EASA published the very first study on citizen acceptance of urban air mobility on Wednesday. The opportunity for her to be optimistic about the imminent arrival of flying taxis.
The European Union Aviation Safety Agency (EASA) published an unprecedented study on urban air mobility on Wednesday, the results of which show that the public welcomes the prospect of services such as flying taxis. or deliveries by drone. And some markets could emerge at the start of this new decade.
Europeans optimistic about future modes of transport
The major result to remember is that 83% of the 4,000 European citizens questioned have an initial positive opinion on Urban Air Mobility, ie urban air mobility. 71% are even ready to try over one of these mobility services. The evocation of journeys motivated by an emergency (medical or other) obviously played in favor of urban air mobility. The people surveyed for this study come from Barcelona, Budapest, Hamburg, Milan, Örensud and Paris.
Europeans are open to the idea of seeing services such as drone delivery, air ambulance or the famous air taxis arriving in the landscape. However, doubts remain in public opinion. Many are still not reassured about the potential problems of such technologies, such as safety, noise, security or the impact on the environment.
EASA, whose mission is to promote the highest possible level of safety and environmental protection in civil aviation, welcomes the results. “This will allow us to put in place the rules and regulations for this area in a way that is aligned with the expectations and perceptions of citizens,” says the regulator.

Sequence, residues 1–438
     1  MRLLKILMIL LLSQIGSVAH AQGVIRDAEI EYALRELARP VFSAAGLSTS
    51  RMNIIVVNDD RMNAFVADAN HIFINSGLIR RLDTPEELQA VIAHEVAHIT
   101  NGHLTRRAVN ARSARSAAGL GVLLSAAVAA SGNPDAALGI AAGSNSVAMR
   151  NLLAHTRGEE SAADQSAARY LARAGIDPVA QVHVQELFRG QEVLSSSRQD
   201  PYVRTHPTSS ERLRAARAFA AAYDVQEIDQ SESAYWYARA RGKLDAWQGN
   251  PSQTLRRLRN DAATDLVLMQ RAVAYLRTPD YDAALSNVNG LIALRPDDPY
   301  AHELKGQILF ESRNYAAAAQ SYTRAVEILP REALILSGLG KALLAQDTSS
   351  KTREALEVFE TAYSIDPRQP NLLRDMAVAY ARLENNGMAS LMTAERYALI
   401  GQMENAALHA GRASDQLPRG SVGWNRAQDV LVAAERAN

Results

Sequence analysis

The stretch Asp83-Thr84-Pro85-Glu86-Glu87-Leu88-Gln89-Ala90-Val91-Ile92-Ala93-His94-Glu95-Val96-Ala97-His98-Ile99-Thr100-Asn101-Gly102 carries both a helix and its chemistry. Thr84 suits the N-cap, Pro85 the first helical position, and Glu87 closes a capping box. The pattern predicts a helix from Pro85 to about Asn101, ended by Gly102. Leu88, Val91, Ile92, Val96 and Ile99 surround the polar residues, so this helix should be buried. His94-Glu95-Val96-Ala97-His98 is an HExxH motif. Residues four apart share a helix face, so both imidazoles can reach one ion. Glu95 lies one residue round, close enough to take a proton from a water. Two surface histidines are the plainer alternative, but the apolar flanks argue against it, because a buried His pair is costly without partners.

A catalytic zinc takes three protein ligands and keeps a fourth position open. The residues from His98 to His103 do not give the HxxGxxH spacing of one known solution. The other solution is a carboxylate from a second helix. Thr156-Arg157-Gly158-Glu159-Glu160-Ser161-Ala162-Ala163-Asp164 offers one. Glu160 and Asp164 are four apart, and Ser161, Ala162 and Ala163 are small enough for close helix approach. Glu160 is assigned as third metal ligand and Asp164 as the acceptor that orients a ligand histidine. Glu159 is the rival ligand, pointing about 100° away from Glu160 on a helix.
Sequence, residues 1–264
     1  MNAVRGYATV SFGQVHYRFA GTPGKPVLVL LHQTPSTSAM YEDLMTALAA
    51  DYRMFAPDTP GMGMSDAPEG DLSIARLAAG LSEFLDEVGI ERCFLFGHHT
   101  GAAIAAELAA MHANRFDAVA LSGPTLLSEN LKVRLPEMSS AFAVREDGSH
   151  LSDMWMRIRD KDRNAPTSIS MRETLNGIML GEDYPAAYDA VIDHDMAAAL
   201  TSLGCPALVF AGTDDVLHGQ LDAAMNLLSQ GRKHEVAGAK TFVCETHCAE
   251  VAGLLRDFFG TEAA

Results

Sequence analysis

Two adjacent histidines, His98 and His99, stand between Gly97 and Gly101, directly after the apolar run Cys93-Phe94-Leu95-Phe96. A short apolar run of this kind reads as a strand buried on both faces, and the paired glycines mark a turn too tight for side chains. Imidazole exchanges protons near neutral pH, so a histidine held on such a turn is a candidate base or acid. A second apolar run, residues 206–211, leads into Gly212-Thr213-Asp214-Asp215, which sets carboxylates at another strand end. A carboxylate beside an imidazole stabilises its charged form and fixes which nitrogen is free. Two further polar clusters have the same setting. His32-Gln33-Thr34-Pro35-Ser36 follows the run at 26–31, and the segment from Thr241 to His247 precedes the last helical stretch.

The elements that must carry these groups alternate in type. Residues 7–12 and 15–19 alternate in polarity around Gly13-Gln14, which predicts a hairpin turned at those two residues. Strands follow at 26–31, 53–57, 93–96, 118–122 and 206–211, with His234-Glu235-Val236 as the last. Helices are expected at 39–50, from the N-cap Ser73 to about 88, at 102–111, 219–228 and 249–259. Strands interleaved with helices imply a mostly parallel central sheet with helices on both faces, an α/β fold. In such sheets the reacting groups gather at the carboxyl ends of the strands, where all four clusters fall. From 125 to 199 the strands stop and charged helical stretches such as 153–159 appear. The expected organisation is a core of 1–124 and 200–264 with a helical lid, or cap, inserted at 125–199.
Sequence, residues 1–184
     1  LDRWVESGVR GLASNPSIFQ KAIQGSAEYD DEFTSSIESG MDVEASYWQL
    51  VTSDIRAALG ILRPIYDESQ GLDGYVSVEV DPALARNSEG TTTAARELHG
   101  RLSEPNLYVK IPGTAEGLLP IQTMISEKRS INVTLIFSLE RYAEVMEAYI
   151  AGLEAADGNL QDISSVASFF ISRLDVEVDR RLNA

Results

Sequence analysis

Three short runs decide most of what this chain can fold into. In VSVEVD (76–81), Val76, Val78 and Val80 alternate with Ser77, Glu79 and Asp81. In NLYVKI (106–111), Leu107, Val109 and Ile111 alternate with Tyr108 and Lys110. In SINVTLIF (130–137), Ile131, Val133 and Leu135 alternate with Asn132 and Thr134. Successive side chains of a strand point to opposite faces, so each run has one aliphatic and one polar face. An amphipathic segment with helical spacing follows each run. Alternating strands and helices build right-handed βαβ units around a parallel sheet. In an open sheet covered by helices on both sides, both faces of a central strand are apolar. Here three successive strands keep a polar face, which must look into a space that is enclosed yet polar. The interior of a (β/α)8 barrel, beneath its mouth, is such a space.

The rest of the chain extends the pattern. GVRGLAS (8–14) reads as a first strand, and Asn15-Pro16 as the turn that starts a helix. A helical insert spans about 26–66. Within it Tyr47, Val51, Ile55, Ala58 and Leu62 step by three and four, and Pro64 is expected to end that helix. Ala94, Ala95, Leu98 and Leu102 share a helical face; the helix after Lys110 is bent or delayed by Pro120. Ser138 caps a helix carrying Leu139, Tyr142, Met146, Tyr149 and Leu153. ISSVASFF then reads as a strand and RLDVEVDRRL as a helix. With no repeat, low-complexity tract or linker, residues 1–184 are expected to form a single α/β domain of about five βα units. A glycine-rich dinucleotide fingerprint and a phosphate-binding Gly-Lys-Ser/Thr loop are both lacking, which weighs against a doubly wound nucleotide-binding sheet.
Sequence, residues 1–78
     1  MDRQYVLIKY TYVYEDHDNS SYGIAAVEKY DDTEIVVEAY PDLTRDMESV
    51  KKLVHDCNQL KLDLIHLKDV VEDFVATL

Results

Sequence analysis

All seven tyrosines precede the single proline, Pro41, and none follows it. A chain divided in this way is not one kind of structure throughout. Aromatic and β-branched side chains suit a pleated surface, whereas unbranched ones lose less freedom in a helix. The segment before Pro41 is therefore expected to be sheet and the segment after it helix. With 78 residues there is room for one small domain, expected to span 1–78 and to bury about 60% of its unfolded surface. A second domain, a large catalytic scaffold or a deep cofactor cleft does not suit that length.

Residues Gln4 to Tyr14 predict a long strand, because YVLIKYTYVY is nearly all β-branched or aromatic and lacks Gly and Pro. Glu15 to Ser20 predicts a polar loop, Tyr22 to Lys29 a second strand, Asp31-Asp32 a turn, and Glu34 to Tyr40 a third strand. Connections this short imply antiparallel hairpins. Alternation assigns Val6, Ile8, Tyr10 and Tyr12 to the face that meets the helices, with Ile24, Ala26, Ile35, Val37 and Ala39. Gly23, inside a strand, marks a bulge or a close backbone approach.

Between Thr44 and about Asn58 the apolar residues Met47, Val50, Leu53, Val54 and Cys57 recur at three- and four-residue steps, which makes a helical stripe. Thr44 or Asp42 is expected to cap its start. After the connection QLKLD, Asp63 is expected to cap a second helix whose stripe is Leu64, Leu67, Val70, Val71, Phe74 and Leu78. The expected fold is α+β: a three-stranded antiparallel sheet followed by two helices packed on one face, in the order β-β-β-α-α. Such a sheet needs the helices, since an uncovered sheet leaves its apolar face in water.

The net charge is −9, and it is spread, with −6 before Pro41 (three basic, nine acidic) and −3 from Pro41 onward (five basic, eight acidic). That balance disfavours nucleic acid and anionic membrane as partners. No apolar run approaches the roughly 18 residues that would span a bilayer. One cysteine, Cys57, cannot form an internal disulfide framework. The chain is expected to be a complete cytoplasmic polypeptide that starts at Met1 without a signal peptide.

Regulator sees flying taxis in Europe within three to five years
Today, technological advances are leaning in favor of a new air transport system, whether for the public or for freight. Electric propulsion for vertical take-off and landing, battery technologies and regulatory bases, especially drones, can only help reinvent aviation in the broad sense.
EASA does not hide its ambition and optimism regarding urban air mobility. She estimates it could deploy this mode of transport in Europe within three to five years. For the regulator, it has “the potential to make urban mobility faster and greener”. Three to five years? The bet seems daring, but they make the appointment.